Publication: Monitor Volume: 7 Issue: 197

Russia’s deepening integration with the West and its growing role as a partner in consultations on key international security issues has been vividly on display this week as a host of European leaders and top officials have made their way to the Russian capital for talks with President Vladimir Putin and other government leaders. The stream of foreign dignitaries began earlier this week with the arrival in Moscow of a French delegation led by Prime Minister Lionel Jospin and Foreign Minister Hubert Vedrine. They were followed late Wednesday by Italian Prime Minister Silvio Berlusconi, whose hastily made travel plans were intended only as a “working visit” but who wound up holding what sources suggested were an intensive four hours of talks with Putin and other Russian leaders. President Jorge Sampaio of Portugal is likewise due in the Russian capital this week for talks of his own with Putin. The visits are another confirmation of the extent to which the Kremlin is seeking to improve ties with Europe even as relations warm between Moscow and Washington, and also of the corollary efforts of European leaders to maintain diplomatic momentum in a process that they hope will yield an era of unprecedented cooperation between Russia and the European Union.

That is not to say that this week’s visits were intended to produce any groundbreaking results. They seem an effort, rather, to ensure that channels of communication and cooperation remain open between Moscow and the West on a host of international and more narrow EU-Russian issues. Indeed, one report on the Kremlin-connected web site suggested that all of this week’s visits were being fitted into the same general agenda. The political block of questions, the report said, includes declarations on terrorism, elaborations of issues related to missile defense, European security and military operations in Afghanistan. The economic block, according to the same report, includes consultations on measures to battle an international economic downturn (including problems related to oil prices) and on bilateral economic problems, including Russia’s debt. All those coming to Moscow, the report says, are seeking to underline European-Russian unity on issues related to terrorism and to punctuate their belief that the Cold War and the old “east-west” divide are things of the past. The same report suggested rather smugly that Russian economic growth at a time of uncertainty elsewhere is making Russia more attractive to foreign investors, and is thus also contributing to the stream of foreign leaders visiting Moscow, and that this same process has been further abetted since September 11 by the political efforts, outlined above, to make Russia a part of the Western family.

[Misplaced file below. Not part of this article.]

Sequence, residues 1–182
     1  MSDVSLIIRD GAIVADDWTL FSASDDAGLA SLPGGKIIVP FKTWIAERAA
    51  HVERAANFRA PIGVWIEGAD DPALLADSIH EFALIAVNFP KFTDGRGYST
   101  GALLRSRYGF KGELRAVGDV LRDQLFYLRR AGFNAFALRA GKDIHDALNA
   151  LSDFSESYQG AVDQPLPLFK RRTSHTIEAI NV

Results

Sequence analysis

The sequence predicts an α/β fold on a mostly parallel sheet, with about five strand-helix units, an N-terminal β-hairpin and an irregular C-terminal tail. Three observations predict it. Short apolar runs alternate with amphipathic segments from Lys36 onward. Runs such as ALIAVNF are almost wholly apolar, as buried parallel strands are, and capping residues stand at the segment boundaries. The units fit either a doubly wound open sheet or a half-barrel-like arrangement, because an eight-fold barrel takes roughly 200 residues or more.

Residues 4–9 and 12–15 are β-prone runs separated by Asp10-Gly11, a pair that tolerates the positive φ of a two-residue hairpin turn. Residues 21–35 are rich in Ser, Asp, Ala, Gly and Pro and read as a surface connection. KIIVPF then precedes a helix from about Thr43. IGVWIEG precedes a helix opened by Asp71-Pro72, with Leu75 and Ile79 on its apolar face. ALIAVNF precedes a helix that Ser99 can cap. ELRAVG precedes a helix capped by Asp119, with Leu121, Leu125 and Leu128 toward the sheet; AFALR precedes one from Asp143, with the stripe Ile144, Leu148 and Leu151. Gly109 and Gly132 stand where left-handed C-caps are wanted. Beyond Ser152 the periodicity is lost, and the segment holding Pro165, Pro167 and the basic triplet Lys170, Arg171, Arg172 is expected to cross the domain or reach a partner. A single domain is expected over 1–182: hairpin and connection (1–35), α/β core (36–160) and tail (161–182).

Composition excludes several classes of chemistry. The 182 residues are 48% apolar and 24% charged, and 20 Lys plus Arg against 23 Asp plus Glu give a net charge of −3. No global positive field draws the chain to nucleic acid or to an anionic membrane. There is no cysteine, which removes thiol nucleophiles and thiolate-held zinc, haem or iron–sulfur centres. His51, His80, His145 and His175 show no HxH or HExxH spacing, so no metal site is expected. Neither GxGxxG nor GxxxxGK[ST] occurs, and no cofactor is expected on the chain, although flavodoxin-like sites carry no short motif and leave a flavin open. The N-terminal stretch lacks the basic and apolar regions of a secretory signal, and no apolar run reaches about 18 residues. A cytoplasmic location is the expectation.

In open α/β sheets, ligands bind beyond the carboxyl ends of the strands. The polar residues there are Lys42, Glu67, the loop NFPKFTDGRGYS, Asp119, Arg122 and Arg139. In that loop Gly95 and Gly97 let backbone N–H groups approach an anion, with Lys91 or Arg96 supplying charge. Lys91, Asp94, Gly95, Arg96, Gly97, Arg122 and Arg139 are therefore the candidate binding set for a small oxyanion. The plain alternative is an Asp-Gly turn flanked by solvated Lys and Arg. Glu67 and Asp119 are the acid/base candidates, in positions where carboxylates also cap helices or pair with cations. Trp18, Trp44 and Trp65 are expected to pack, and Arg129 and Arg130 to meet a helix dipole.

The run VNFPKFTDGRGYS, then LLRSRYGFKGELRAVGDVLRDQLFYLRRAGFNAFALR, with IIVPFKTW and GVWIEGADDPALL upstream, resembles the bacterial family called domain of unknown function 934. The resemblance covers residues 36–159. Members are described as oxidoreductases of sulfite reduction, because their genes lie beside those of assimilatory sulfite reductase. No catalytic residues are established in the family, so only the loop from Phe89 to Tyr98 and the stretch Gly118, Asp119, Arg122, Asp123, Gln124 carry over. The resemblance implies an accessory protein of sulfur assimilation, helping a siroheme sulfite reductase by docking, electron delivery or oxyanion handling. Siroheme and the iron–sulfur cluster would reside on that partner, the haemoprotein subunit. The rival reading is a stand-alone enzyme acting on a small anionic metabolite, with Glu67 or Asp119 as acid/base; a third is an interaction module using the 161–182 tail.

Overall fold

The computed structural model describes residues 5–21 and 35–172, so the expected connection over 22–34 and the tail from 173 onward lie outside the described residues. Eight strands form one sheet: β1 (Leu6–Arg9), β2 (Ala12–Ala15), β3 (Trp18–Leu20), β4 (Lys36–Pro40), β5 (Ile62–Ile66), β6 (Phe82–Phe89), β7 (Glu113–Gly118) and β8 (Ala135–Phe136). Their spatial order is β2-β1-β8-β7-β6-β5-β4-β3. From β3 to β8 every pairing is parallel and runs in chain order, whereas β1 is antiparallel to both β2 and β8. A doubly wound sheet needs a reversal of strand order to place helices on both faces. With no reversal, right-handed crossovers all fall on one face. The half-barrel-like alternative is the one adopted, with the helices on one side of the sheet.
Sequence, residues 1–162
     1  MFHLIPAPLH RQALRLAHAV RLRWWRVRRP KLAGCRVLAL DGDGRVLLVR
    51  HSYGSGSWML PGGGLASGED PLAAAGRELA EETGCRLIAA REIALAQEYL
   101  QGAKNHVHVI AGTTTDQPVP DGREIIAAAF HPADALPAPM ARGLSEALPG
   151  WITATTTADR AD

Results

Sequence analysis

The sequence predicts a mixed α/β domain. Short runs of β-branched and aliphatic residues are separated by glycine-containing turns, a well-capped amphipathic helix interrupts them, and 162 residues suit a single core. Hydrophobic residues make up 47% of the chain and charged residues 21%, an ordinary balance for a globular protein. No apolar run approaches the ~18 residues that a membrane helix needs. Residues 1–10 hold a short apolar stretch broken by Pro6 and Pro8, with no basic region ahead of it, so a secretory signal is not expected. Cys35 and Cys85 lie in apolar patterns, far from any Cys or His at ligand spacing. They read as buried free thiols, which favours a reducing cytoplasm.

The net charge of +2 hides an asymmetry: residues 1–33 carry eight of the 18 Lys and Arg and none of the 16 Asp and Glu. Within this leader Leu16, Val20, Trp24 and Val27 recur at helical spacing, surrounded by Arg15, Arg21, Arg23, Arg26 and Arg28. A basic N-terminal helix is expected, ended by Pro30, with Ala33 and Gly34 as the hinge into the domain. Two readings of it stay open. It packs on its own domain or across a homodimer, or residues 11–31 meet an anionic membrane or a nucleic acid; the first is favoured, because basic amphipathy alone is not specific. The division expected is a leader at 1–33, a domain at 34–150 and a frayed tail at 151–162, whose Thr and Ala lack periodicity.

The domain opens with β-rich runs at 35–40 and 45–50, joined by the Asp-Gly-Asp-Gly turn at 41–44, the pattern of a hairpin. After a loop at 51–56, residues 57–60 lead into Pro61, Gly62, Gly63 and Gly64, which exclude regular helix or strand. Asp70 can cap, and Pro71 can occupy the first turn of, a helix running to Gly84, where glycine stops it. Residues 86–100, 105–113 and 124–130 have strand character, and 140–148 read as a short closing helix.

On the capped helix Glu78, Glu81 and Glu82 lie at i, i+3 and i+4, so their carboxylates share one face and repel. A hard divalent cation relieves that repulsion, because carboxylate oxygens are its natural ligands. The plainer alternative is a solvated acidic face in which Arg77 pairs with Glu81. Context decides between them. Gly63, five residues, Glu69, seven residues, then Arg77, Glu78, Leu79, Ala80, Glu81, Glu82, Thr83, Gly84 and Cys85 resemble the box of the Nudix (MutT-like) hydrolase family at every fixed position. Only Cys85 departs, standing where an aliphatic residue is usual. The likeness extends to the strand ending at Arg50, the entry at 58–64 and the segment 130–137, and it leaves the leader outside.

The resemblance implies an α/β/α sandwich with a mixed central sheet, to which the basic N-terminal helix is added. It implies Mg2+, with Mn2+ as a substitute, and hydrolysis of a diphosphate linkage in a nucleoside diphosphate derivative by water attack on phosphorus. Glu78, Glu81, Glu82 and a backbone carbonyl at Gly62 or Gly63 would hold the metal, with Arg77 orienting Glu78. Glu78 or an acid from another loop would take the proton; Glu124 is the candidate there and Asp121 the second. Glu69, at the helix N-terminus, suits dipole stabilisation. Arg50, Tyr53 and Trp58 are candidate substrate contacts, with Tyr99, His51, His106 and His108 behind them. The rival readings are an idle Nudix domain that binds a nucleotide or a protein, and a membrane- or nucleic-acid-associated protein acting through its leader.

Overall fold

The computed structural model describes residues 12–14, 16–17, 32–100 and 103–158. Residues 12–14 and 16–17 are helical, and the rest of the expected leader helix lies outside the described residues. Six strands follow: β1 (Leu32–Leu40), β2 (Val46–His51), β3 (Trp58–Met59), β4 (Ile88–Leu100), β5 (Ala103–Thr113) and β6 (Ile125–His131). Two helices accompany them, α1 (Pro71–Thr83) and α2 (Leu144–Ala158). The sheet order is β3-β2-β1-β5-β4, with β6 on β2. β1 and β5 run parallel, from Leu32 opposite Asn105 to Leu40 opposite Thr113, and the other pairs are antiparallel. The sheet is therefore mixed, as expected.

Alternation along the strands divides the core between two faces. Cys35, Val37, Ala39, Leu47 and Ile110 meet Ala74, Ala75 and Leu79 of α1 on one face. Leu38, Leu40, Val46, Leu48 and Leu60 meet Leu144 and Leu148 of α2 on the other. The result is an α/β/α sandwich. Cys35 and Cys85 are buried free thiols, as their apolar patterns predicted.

Based on Russian reports of the meetings between both the French and the Italian delegations with their Russian counterparts, the analysis does not appear to be much off the mark. The talks between Jospin and Putin, as well as those between Vedrine and his Russian counterpart, Igor Ivanov, appeared to produce mostly a declaration of harmony. There was a suggestion that the French had raised some lingering concerns over Russian military operations in Chechnya, but those appeared to be pro forma. Indeed, what has been remarkable in recent months–and certainly since the September 11 events–is the degree to which Paris has abandoned its earlier condemnations of Russian abuses in the Caucasus. Those condemnations had been among the strongest in the world and had resulted in a distinct cooling of Russian-French relations following Vladimir Putin’s elevation to power.

Russian reports of Berlusconi’s brief stop in the Russian capital said that roughly two of the four hours the Italian leader spent in consultation with Putin were devoted to terrorism and the situation in Afghanistan. Other issues on Putin’s and Berlusconi’s agenda reportedly included the Middle East, the Balkans, Russian-EU integration, and such security issues as NATO-Russian cooperation. And although scant detail was provided as to the substance of those talks, reports did suggest that they were conducted with some urgency and, according to at least one report, that they had revealed some differences in Russian and Italian views. Those differences were not spelled out, but it might be worth noting that Berlusconi has been one of the European leaders most supportive of U.S. missile defense plans and may therefore have clashed with Moscow on that issue (, October 23, 25; Interfax, October 23, 25; DPA, October 24-25; AP, Nezavisimaya Gazeta, October 25).